So, what am I doing?

  1. I’m not selling anything (unless one of my companies fails in some material way, but that would have nothing to do with this market analysis).
  2. I’m looking to build cash, in case this summer presents me with some irresistible buying opportunities. If I was overweight in gold stocks and couldn’t take the heat if their prices dipped this summer, I might lighten my load to build cash. The same thing would go if I were overweight in copper or other industrial metals.
  3. Fortunately—but not accidentally—I have a balance of precious, industrial, and energy minerals in my portfolio. If one group slumps and the other goes up, my gains should offset my losses. This way, I can stay long in great companies that I believe can deliver terrific gains this year, almost whatever the markets do.
  4. I still see uranium as being largely immune to economic news. The main—and by far the most important—factor is whether I’m right about secondary supply no longer swamping demand. If so, we’ll see higher prices in uranium this summer and over the year ahead, regardless of which way the global economy and resources in general go. There is one specific uranium play I’m hoping to buy in the nearest term.
  5. If demand for industrial commodities does pick up this summer and precious metals retreat, silver may fall less than gold. Silver could even decouple from gold if demand for solar panels increases faster than most analysts project. So I’m also on the hunt for a great silver play.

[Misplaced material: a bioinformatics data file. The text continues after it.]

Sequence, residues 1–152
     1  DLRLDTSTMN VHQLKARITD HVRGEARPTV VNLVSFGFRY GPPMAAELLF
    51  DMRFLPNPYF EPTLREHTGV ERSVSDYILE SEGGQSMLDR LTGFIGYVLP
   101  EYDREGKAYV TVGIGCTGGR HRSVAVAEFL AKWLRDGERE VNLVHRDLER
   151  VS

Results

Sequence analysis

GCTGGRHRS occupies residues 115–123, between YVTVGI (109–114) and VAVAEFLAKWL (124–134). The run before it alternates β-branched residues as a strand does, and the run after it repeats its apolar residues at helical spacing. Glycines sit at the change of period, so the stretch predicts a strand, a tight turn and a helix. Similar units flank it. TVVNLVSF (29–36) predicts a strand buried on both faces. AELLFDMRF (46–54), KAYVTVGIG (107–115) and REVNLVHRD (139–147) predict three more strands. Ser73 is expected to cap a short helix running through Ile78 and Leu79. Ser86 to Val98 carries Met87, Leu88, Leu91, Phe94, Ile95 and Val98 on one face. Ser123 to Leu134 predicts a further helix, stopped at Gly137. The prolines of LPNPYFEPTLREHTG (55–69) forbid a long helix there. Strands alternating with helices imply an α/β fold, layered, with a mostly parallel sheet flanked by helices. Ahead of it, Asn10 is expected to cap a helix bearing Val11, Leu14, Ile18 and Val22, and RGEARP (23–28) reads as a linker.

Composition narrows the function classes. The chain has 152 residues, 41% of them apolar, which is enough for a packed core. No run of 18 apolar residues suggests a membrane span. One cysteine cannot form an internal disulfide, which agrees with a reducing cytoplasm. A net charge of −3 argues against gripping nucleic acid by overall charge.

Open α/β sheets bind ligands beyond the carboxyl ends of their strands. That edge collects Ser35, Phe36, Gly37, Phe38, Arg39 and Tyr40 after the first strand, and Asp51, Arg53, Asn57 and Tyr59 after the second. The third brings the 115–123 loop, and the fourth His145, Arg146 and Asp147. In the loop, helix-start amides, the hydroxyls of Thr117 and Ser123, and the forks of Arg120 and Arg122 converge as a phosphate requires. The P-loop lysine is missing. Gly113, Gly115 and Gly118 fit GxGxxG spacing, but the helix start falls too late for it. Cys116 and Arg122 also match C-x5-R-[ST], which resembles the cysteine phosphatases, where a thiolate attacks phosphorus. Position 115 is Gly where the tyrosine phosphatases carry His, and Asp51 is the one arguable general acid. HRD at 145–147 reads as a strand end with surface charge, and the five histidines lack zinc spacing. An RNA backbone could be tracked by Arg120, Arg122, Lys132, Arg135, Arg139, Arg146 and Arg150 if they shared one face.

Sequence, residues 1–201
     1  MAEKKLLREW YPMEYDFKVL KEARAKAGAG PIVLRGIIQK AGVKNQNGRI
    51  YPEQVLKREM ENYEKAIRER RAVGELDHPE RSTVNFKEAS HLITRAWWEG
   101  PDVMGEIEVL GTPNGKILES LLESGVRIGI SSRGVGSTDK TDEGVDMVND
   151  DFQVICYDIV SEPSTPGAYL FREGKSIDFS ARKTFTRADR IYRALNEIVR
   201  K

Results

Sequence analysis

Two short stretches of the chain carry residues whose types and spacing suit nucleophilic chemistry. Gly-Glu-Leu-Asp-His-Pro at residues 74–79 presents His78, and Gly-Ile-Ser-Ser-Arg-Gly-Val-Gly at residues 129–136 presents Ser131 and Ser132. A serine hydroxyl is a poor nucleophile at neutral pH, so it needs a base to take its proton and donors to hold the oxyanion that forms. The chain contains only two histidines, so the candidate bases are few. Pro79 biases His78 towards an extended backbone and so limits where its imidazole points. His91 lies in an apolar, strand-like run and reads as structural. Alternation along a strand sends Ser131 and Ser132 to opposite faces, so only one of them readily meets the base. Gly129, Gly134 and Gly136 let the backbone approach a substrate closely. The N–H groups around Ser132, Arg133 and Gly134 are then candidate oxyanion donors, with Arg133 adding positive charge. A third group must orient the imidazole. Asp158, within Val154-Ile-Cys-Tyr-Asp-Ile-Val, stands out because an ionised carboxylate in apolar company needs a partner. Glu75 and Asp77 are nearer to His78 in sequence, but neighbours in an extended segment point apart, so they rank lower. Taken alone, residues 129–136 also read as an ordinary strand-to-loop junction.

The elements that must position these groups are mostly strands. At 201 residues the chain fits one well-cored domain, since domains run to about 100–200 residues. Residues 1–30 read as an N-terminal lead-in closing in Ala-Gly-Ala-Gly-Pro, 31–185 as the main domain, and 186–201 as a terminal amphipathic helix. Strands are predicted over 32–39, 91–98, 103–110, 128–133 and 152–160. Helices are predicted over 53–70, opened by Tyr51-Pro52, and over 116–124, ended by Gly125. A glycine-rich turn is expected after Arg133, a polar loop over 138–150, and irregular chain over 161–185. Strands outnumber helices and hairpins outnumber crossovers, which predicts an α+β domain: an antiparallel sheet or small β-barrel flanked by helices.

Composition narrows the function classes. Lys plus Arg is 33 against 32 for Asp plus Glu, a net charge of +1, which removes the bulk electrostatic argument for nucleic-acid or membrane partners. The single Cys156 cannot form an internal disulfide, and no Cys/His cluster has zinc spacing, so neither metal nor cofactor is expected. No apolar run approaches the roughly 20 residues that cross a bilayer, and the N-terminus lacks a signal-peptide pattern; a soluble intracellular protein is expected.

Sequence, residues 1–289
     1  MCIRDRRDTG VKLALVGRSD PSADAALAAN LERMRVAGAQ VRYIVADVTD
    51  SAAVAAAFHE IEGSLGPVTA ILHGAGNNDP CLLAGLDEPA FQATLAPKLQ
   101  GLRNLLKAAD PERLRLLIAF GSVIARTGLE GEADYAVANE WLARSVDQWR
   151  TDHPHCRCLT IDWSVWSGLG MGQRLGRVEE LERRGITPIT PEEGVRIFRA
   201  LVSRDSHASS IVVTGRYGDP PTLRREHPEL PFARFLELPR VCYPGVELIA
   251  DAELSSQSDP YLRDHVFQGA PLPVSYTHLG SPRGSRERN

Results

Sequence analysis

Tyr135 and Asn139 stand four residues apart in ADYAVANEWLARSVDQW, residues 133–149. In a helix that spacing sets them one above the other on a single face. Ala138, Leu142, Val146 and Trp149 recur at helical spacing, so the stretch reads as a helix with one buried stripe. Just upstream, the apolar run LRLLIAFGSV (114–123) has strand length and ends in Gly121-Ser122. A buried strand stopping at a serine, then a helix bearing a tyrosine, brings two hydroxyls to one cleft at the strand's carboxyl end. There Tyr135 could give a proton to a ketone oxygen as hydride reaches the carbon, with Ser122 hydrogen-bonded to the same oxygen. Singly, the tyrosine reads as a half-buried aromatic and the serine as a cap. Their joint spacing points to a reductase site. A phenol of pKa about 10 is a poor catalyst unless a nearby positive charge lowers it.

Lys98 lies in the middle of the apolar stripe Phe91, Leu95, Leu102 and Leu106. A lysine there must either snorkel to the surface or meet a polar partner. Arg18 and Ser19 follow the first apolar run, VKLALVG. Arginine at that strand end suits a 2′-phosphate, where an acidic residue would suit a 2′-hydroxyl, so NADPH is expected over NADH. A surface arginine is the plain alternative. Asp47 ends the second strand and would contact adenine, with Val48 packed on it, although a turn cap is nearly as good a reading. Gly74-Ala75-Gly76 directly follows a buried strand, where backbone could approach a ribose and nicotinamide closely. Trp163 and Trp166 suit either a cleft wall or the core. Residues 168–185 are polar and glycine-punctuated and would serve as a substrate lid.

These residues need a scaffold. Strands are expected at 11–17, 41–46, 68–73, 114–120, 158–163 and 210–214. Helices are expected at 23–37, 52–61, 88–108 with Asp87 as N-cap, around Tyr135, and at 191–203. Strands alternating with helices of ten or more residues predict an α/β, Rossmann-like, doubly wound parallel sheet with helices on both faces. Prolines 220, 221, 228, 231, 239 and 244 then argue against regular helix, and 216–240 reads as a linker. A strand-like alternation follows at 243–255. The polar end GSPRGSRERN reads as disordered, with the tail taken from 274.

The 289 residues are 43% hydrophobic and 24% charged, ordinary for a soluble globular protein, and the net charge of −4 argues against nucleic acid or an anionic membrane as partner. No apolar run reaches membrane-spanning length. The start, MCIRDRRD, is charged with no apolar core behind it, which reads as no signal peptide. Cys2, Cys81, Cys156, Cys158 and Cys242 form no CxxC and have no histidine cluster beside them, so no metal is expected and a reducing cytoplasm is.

As always, if you’d like to see which stocks I’m putting my own money into and receive constantly updated guidance on them, please subscribe to The Independent Speculator. But if anything important comes up, like the risks discussed above, you will get analysis of the general issue in this free service every week.

I want to stress that I’m not turning bearish on gold. I see a risk in the very near term, and I feel it’s my duty to alert you to that fact. But I’m not saying gold will—or should—see lower prices. And if it does, it wouldn’t change the big picture, so I’d see that as a buying opportunity.

I know that gold bugs won’t like hearing this. But it’s not my job to tell people what they wish were true; it’s my job to tell it like I see it, as best I can. Anything less would be a disservice.

As I say, I’m not a cheerleader, not even for my favorite metals. The internet is full of reports of imminent disaster that will send gold to $10,000, or whatever. For those who want such reassurance, I’m sure they are a sight for sore eyes.

Personally, I’m sympathetic to those views. But I’m tired of waiting for financial doomsday—and I have no intention of going broke making the wrong bets while waiting.

For those who want levelheaded assessment of opportunities and risks in the markets, I’m your due diligence guy.

And at the end of the day, I do still think the odds favor gold breaking out—to the upside—by the end of this year.